Software studies proposes histories of computational cultures and works with the intellectual resources of computing to develop reflexive thinking about its entanglements and possibilities. It does this both in the scholarly modes of the humanities and social sciences and in the software creation/research modes of computer science, the arts, and design. The Software Studies book series, published by the MIT Press, aims to publish the best new work in a critical and experimental field that is at once culturally and technically literate, reflecting the reality of today's software culture. Acknowledgments This book took shape over several years, and only due to the friendship, collegiality, and support of many people. Whether or not I knew it at the time, at different moments, each of them ensured that this project would reach fruition. For the conversation, critiques, and cajoling, I am in their debt.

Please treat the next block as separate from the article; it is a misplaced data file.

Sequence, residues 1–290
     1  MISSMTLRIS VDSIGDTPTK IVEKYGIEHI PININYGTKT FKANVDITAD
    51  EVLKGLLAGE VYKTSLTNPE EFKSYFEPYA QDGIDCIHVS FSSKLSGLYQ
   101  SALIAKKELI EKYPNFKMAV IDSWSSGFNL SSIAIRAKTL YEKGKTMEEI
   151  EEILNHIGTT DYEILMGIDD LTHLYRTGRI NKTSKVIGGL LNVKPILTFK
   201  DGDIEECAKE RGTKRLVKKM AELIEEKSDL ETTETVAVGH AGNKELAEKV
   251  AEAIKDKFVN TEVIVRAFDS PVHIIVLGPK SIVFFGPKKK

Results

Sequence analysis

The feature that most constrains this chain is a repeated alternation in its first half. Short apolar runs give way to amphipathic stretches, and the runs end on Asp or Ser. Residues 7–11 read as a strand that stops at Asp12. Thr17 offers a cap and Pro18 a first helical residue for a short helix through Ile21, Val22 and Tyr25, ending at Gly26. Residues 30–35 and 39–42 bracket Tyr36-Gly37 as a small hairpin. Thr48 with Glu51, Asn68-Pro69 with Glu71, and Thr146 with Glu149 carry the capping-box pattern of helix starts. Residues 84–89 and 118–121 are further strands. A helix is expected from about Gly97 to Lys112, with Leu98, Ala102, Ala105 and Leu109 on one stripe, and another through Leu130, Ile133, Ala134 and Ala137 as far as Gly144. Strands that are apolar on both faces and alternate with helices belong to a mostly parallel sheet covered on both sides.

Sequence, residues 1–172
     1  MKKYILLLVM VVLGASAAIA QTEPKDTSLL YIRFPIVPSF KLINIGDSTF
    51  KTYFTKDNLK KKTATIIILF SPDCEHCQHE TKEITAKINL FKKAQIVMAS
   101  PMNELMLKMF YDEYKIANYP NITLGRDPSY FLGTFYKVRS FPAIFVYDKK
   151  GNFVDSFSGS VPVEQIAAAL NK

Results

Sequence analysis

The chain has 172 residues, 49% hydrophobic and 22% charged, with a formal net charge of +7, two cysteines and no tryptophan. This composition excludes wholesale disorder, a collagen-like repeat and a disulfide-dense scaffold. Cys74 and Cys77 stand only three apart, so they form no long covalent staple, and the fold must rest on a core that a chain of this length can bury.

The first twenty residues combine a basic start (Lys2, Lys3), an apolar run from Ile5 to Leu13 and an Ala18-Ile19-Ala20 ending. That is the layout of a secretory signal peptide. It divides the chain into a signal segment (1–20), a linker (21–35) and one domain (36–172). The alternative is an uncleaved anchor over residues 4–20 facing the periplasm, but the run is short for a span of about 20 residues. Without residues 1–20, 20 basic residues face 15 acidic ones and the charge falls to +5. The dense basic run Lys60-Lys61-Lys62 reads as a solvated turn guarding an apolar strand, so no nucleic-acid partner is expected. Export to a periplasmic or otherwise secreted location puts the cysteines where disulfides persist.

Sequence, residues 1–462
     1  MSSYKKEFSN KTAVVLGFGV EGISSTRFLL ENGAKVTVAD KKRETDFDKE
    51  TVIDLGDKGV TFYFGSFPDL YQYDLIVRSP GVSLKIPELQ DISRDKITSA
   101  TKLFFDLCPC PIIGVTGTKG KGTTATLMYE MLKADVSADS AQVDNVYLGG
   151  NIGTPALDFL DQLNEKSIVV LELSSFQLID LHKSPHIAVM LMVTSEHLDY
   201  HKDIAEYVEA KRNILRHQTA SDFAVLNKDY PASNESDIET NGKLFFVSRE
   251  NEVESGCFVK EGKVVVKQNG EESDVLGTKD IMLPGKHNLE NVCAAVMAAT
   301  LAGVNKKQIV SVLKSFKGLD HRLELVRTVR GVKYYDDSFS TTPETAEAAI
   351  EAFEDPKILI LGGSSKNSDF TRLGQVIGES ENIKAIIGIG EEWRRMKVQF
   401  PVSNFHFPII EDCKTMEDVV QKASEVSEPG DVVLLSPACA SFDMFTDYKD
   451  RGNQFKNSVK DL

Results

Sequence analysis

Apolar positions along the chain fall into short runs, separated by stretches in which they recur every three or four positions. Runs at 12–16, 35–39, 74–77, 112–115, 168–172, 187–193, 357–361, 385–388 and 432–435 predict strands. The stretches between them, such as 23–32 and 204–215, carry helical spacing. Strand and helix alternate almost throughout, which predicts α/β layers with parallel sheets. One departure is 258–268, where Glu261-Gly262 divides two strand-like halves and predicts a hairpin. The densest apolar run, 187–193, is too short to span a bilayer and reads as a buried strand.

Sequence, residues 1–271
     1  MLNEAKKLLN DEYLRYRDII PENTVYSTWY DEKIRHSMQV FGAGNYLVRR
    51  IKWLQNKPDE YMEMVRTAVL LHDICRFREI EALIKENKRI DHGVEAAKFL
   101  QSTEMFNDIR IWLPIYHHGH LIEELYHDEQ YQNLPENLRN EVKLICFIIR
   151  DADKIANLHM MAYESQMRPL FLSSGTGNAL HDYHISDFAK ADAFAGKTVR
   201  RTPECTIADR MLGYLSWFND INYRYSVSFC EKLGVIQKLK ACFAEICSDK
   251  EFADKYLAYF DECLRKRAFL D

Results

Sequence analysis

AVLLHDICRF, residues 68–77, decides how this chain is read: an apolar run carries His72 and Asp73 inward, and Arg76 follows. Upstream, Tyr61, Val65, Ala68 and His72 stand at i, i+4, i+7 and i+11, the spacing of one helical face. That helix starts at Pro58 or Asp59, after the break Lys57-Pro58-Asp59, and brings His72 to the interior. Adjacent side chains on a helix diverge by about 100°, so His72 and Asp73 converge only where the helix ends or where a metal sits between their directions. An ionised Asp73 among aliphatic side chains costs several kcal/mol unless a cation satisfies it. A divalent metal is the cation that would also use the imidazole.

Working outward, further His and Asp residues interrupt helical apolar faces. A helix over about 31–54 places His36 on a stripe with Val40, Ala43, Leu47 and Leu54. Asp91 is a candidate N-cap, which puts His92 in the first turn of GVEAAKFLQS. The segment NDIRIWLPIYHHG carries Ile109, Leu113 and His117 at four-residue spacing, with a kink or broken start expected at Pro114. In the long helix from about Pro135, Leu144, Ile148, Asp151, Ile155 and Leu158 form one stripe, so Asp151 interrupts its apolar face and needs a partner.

pages: 398 words: 107,788

Coding Freedom: The Ethics and Aesthetics of Hacking by E. Gabriella Coleman

activist lawyer, Benjamin Mako Hill, commoditize, crowdsourcing, Debian, Donald Knuth, dumpster diving, en.wikipedia.org, financial independence, ghettoisation, GnuPG, Hacker Ethic, informal economy, Jacob Appelbaum, Jaron Lanier, Jason Scott: textfiles.com, Jean Tirole, knowledge economy, laissez-faire capitalism, Larry Wall, Louis Pasteur, means of production, Paul Graham, peer-to-peer, pirate software, popular electronics, RFC: Request For Comment, Richard Stallman, rolodex, Ronald Reagan, Silicon Valley, Silicon Valley startup, slashdot, software patent, software studies, Steve Ballmer, Steven Levy, Ted Nelson, The Hackers Conference, the scientific method, The Structural Transformation of the Public Sphere, web application, web of trust